The MOTM 480 has a "difficulty factor" of 5, the most difficult - and with Richard's modifications, it was much more difficult - let alone the addition of the "Join" switch.
To make the modifications, we'll need a MUUB4 and a 4-pot "Stooge Mounting Bracket." We'll also need other requisite parts.
We built this page in February 2008 but it took us fully two years before we got to actually building the module. At that time, February 2010, we agreed to build one for a friend at the same time. Ours was based on a old-fashioned kit... the other was a 2.0 implementation. The 2.0 version used alpha pots instead of the Bourns and Spectrols like the kit.
It bears noting that the builds turned out to be some of the most difficult we'd ever attempted. But most of the difficulty really had to do with thinking it all through - and then dealing with the two builds.
Table of Contents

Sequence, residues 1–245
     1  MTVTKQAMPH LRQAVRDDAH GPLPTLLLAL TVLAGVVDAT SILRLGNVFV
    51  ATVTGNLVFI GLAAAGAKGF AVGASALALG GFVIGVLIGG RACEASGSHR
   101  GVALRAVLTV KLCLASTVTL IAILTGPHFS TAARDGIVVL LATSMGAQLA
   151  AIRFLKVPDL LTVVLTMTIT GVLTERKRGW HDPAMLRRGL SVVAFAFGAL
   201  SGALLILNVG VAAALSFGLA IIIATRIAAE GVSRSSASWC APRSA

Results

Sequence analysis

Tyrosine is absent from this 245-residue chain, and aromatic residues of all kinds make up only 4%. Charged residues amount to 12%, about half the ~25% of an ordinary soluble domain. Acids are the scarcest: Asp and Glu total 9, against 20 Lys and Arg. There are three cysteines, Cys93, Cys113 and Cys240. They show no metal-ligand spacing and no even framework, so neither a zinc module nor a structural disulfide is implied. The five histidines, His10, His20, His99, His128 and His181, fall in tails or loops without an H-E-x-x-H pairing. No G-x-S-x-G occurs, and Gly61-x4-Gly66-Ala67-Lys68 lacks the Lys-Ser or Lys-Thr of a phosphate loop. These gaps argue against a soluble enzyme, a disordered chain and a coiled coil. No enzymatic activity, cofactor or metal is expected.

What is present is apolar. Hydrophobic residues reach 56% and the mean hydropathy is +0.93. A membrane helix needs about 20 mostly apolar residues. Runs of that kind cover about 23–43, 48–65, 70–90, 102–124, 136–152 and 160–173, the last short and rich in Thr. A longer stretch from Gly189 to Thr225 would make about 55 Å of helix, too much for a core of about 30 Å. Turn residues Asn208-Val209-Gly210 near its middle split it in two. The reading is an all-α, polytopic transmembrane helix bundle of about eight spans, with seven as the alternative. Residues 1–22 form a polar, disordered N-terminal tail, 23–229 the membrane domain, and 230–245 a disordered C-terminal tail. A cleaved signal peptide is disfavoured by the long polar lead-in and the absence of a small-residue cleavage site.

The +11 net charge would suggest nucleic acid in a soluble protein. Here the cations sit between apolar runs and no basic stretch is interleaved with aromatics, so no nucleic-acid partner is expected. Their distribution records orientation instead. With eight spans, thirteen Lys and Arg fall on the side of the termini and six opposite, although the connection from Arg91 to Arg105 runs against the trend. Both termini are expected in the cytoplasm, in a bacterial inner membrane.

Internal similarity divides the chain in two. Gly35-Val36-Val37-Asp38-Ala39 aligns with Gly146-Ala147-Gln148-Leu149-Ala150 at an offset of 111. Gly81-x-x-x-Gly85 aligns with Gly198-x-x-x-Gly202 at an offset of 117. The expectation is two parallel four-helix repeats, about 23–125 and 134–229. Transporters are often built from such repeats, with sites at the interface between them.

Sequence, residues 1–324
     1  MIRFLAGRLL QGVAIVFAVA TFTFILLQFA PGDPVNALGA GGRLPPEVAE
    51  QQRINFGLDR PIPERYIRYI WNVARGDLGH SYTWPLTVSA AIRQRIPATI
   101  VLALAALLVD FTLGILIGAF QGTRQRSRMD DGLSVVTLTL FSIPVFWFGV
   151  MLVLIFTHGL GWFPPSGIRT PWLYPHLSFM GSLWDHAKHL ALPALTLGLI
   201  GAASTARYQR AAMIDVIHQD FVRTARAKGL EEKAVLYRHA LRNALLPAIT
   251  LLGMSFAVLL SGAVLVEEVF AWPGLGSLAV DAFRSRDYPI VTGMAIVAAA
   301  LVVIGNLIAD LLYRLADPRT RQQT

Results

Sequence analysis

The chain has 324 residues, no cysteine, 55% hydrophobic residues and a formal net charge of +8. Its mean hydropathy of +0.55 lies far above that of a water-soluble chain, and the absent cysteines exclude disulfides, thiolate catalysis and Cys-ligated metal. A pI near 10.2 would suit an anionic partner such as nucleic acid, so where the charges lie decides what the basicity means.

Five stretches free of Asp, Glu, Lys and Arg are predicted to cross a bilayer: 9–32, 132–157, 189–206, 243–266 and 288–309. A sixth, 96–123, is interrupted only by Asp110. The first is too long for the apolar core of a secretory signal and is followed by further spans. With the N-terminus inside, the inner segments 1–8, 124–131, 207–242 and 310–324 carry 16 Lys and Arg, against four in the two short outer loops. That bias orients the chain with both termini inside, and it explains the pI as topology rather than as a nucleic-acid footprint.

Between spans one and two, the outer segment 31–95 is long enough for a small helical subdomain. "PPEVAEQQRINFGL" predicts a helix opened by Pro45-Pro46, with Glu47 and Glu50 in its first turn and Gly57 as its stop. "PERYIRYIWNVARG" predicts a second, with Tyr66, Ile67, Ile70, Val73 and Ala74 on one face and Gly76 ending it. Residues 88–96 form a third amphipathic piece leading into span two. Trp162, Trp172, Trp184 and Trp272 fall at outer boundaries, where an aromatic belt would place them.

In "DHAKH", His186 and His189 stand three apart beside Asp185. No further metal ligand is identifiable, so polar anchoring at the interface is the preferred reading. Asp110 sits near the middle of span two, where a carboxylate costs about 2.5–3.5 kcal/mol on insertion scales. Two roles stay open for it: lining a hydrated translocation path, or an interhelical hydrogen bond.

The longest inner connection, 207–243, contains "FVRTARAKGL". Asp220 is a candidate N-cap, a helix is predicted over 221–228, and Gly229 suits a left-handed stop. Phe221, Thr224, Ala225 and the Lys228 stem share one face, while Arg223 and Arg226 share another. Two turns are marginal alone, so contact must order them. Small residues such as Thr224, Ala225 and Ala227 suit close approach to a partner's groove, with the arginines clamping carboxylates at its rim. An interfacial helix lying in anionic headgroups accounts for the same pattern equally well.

This documentation has become so long that we've broken it into separate pages and sections within them. Here's a table of contents that we hope will make it easier to traverse them:
Background - presents an explanation and Paul Schrieber's initial description of the Module.
Modifications - presents details of Scott Juskiw's Modification and Daughterboard
Parts - presents a Bill of Materials and notes about it
Panel - presents the MOTM format panel
Construction Phase 1 - Resistors, Capacitors, IC Sockets, Power Plugs, MTA headers
Construction Phase 2 - Trimmers, Switches, Wires, Transistors, Tempcos
The MOTM-480 VCF is configured as a super bandpass filter with independent corner frequencies and resonant peaks, similar to the legendary CS-80 configuration. This module can create distinctive pad and brass timbres. Built-in audio mixer can filter any audio source! Expansion connector for future configurations!
In the version of the User's Guide that came with our kit, the installation of the four transistors was omitted. We asked Paul about it and he confirmed our suspicions that these should be installed with no-clean solder and with heat transfer grease between the pairs.
1. Dave Brown Max Resonance Limit
Per Dave Brown:
"Replaced R56 and R61 with 1K trimmers. The trimmers fit in the resistor footprint by clipping one lead and slightly spreading the other two leads.